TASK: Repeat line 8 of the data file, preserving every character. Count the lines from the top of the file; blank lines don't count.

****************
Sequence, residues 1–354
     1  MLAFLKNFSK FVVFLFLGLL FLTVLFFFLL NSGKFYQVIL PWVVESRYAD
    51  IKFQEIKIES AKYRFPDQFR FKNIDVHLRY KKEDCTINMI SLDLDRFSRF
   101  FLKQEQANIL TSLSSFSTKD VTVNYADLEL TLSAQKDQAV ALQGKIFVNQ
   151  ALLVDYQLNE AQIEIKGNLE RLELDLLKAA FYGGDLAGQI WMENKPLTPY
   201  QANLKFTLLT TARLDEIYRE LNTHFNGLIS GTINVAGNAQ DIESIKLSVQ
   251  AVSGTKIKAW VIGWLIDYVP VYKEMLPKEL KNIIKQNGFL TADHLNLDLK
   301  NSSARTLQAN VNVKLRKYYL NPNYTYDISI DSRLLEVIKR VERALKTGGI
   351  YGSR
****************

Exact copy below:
   301  NSSARTLQAN VNVKLRKYYL NPNYTYDISI DSRLLEVIKR VERALKTGGI